• kajacana says:

      It must be fake… not only does that quote not sound like JKR at all, but then there's the fact that if there really was more Snape-related Publishable Canon Fact brewing in the world, my Snape Sense (i.e. uncontrollable squealing and unexplained weeping) would have alerted me. I hope.

    • Guest says:

      I don't think it's legit. I can only find this quote through blogs, not BBC.

  27. 1foxi says:

    Mark, you crack me up every time with that 'Also like a hospital' line. It's haunted you forever. Wonder if they will put it in the movie 🙂 🙂

    Back to Hunger Games, I don't trust that Peeta guy. Why is he being so nice? *suspicious*

  28. Penquin47 says:

    This chapter was better, except for the cookies. I'm sorry, this girl is literally half-starved, and she's throwing away perfectly good food? I do like Katniss's paranoia, and I don't even mind her name now that I know where it comes from. I do love the comparison up above… Katniss is being an emo teen.

  29. Yusra says:

    Mark, can you please read faster? So that you can get to bits that I don't feel ~spoilery~ by just reading through the comments? Please?

    • LadyLately says:

      srsly. I made a comment yesterday about Katniss being head of the family and all ~survivally~…and then I started rereading today and realized the basis of my comment wasn't explained until this chapter. D'oh. At least it wasn't THAT spoilery.

  30. ldwy says:

    Do the people who have already read this book/these books have favorite fanart? I don't know how much is out there, and I fear the spoilers!

    • theupsides says:

      There is some AMAZING fanart out there, but a lot of it is realllly spoilery…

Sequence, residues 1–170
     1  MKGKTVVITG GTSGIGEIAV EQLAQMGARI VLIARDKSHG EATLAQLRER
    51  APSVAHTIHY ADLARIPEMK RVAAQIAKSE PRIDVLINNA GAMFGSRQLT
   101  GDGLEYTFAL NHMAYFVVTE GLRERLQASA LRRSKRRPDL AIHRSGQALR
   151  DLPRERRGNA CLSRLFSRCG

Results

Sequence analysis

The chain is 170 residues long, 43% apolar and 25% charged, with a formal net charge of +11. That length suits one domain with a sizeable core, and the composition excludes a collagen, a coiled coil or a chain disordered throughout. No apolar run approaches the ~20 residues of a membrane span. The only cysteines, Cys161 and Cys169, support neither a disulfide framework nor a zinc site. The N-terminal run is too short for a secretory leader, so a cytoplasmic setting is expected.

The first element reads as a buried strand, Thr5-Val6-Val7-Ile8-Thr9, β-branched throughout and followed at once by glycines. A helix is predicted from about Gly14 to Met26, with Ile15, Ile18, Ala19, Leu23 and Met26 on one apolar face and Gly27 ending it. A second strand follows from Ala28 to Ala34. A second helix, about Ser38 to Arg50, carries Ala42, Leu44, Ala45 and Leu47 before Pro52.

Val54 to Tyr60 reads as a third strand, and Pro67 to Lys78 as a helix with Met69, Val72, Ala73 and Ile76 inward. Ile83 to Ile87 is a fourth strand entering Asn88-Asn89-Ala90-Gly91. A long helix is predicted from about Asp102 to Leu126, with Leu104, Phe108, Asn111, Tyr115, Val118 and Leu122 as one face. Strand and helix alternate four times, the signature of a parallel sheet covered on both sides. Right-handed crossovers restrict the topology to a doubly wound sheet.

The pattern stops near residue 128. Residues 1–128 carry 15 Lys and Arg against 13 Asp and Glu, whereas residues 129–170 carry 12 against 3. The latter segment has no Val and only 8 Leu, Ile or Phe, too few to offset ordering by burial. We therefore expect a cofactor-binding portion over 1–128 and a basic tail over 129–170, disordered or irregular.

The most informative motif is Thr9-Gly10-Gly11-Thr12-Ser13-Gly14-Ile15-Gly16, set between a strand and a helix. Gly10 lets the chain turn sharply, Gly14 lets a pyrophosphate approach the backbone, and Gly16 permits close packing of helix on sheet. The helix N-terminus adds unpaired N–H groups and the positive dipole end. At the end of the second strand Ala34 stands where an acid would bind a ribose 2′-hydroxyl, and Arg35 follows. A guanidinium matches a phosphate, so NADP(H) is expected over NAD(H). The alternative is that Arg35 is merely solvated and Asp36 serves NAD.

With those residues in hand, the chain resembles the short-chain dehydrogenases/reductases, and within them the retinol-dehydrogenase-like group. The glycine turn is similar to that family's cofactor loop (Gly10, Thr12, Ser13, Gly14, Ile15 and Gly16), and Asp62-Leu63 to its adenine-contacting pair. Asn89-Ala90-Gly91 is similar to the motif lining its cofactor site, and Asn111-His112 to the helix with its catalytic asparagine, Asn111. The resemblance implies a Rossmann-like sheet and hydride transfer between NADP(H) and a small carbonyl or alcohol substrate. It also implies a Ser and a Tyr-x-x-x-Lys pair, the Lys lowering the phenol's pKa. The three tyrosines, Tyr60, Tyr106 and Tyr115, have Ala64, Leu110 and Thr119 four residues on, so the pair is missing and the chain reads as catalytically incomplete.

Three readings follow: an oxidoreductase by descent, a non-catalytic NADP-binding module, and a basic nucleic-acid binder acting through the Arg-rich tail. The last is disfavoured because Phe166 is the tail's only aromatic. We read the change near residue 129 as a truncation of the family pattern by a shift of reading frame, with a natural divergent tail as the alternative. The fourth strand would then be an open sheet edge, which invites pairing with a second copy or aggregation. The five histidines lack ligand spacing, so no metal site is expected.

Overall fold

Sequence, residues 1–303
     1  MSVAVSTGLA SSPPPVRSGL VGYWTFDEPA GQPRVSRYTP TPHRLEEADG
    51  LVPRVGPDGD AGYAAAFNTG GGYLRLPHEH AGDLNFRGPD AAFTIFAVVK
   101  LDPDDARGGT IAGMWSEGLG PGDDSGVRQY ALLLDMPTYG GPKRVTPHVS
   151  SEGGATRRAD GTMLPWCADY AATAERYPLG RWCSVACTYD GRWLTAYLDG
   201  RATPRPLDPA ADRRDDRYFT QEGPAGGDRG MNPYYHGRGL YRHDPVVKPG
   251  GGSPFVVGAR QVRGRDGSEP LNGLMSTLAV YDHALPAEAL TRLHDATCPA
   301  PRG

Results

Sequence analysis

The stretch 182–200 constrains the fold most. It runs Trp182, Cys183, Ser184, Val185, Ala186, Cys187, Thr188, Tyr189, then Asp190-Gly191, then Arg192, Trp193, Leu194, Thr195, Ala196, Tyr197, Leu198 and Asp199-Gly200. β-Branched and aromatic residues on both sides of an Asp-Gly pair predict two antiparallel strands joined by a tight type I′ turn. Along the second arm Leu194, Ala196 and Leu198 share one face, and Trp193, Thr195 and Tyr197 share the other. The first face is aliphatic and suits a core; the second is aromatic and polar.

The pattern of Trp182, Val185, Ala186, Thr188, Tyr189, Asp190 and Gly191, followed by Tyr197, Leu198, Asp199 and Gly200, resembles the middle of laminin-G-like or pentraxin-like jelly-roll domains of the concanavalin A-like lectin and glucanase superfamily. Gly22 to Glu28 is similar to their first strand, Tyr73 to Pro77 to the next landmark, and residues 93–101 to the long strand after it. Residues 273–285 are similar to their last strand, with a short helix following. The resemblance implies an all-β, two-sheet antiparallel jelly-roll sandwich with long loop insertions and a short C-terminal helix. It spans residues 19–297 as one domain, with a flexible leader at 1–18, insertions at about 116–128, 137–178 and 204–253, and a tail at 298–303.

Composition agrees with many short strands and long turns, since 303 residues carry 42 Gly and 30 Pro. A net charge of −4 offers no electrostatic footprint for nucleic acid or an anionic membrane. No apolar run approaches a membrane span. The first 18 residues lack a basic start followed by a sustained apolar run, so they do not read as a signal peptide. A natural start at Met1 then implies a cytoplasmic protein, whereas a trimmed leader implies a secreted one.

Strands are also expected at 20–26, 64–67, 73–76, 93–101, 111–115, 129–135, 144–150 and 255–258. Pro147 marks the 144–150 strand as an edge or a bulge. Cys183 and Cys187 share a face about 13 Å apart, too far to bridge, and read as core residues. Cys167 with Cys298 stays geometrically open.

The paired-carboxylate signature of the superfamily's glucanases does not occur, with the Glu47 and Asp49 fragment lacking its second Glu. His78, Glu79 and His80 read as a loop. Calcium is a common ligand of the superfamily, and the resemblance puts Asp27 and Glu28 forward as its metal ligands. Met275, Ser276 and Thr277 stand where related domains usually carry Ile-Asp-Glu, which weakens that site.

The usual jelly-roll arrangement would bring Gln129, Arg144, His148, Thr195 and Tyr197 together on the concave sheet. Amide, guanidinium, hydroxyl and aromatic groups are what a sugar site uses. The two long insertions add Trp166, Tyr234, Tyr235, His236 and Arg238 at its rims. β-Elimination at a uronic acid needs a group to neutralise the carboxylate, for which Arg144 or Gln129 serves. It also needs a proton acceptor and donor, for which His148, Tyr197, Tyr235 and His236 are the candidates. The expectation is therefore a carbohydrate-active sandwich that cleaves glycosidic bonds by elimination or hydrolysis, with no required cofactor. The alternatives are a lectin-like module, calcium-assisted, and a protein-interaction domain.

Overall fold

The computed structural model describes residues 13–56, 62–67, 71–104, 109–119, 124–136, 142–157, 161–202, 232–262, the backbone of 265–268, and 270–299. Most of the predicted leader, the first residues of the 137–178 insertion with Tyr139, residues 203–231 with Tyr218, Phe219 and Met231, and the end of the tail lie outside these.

As such, I hesitate to direct you to it.

      • ldwy says:

        Yeah, I kind of figured that might be the case. I guess as we progress I'll look forward to seeing some of it. Until then, I'll have to be patient.

    • bookling says:

      Most of it is very very spoilery at this point. I'll definitely post some for the next chapter, though (if I remember the next chapter correctly).

      • theupsides says:

        I was thinking the same thing! And yes, you do remember ch. 5 correctly.

      • ldwy says:

        Ah, cool, I can't wait to see it! I hope you don't feel ~used~, but it's really nice that the people who have already read can sort of act as a filter and show us their favorites! I really look forward to it.

        • bookling says:

          Haha, I do not feel ~used~. I know which chapters have the good fan art, although overall, there is not as much Hunger Games art as there is for HP, so there's less to choose from.

  31. theupsides says:

    I don't want to say too much–too scared about spoilers. But I'm so excited for you to meet the stylists and to get to know Katniss and Peeta better!

  32. jahizzle says:

    The only reason I don’t think the knife scene was corny was because she admitted that she wasn’t that good. It would have been different if she was all, “Look what I can do! I’m super cool!”

    • Kaybee42 says:

      See that's exactly why I disliked it! "Ooh I wasn't even TRYING to do that- gee isn't that lucky!" I would have preferred it reversed, like she was trying to do something cool but it didn't quite work, but worked just well enough to get away with it.

  33. sez says:

    What i never got was how she could waste perfectly good cookies by just throwing them out the window
    as someone who has experienced extreme hunger i thought she of all people would realise how wasteful that was when there's people back in her districk starving, so to me the cookie throwing was quite uncharacteristic and made no sence